Rob Price
Gutbrain Records
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2021 November 22 • Monday

André Previn Plays Music of the Young Hollywood Composers is our 701st Soundtrack of the Week.

What a great record. Previn shares arranging credits with another young jazz pianist who's making a name for himself as an arranger and composer: "Johnny" Williams.

It gets started with a swinging piece from Williams's Checkmate music, "A Million Bucks", an irresistible West Coasty jazz soundtrack number.

Then we hear a couple of Previn tunes, the romantic "You're Gonna Hear From Me" from Inside Daisy Clover and the breezy and swinging "Livin' Alone" from The Moving Target. Both of these are credited to André Previn and Dory Previn.

After this comes Henry Mancini's main theme for Soldier in the Rain. How come this isn't better known? It's a Mancini score for a Blake Edwards production. So much has been restored, released, recovered, re-recorded. Shouldn't every note of Mancini's be available?

This is perhaps a good time to mention that what we're dealing with is mostly a jazz piano trio with strings. No clues about the musicians, except for one tune having a trombone solo by Dick Nash. The drummer, who isn't on every piece, doesn't sound like Shelly Manne to me but it's somebody in that zone. The string arrangements are very nice and Mancini-ish.

The sequencing of this record is very good. Once you're softened up by Soldier in the Rain Previn drops the devastatingly gorgeous Elmer Bernstein To Kill a Mockingbird theme. The listener doesn't stand a chance.

The last tune on the A side insures you'll flip to hear more. Of course they do Mancini's theme from The Pink Panther. Previn deploys some interesting and ear-catching harmonic ideas in his piano part and also inserts an "interpretation of 'Chloe'", a song by Gus Kahn and Neil Moret, according to the fine print, but I didn't notice it.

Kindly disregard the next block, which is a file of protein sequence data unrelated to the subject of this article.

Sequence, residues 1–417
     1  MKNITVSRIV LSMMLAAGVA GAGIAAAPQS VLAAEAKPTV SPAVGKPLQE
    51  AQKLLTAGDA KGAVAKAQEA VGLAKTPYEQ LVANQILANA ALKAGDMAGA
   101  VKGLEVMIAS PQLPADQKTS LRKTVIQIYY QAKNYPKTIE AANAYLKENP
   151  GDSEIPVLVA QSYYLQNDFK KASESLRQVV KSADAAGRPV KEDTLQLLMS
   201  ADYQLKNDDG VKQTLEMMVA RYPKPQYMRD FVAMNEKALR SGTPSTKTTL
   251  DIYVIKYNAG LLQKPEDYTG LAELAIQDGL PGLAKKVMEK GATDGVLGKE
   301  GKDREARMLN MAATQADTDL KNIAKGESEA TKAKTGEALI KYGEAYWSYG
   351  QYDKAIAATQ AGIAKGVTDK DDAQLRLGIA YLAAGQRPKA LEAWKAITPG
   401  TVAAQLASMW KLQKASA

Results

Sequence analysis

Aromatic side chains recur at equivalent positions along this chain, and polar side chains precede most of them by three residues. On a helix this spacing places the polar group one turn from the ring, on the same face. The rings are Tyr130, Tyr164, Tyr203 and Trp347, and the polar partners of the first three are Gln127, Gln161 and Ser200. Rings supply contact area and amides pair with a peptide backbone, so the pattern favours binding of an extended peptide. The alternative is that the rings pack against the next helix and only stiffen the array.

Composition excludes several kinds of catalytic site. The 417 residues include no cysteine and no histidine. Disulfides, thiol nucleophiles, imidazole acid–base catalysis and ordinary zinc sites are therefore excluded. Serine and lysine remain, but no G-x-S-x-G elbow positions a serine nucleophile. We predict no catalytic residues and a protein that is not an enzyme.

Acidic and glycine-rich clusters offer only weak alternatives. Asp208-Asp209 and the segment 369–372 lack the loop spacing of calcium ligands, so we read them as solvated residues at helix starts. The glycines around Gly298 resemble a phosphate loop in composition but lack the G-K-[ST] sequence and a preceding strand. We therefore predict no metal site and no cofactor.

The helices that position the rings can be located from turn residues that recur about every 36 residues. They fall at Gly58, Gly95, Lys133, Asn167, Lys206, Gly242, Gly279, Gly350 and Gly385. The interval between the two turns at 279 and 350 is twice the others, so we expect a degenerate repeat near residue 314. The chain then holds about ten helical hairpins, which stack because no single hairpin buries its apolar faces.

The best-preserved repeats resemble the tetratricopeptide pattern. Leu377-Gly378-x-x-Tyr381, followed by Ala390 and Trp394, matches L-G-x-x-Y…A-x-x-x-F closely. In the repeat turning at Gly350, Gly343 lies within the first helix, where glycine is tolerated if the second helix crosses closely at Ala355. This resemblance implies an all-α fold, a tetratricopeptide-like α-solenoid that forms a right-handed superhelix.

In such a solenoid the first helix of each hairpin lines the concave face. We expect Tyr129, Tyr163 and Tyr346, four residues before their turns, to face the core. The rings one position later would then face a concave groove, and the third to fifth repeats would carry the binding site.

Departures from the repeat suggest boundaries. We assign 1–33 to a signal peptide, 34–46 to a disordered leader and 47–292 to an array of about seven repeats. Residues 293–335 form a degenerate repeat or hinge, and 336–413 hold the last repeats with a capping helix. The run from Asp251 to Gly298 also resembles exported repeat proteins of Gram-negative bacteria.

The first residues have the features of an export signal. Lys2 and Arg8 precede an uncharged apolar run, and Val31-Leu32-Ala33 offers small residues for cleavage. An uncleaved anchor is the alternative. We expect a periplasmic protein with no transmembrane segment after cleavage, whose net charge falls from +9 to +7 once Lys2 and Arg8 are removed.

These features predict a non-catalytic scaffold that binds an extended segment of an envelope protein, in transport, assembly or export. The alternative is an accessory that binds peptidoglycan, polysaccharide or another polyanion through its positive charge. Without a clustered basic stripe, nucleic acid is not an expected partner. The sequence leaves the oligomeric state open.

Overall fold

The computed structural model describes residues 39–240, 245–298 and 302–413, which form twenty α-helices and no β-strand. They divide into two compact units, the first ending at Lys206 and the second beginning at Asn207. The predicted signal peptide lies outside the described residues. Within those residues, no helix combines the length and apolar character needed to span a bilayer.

Side B starts with another Previn piece from Inside Daisy Clover, the hauntingly beautiful, restrained, romantic and slightly menacing "Daisy".

This gets followed by the Johnny Mandel/Johnny Merder theme for "Emily" from The Americanization of Emily. This is the tune with the aforementioned trombone solo by Dick Nash but starts out with flute and orchestra before Previn comes in on the piano. The trombone playing is exquisite.

Good old Johnny Williams gets another turn as a featured composer with "Tuesday's Theme" from the movie Bachelor Flat. It starts out sounding like John Barry's theme from Follow Me but then settles into that kind of golden hour, heart-stirring, lush sonority for which Mr. Williams has been celebrated these last fifty years or so. In 1965, when this record came out, people might have been a bit surprised by it.

"Nevermore" is a surprise. It's written by the actor Jack Lemmon, for the movie Fire Down Below. In the liner notes Previn remarks that Lemmon "writes more good tunes than most people who spend their entire working day at it". It starts out sending very soundtracky in a somewhat generic way, but when the song itself gets going, it's very nice jazz lounge number.

After this we move on to "I Will Wait for You" from Michel LeGrand and Norman Gimbel's score for The Umbrellas of Cherbourg. It's a very romantic piece and starts out with just piano alone for a while before the strings come in.

And then the record concludes with a third André Previn and Dory Previn cue from Inside Daisy Clover, "A Happy Song". And it is happy! It's a sprightly and cheerful waltz.

The whole record is great.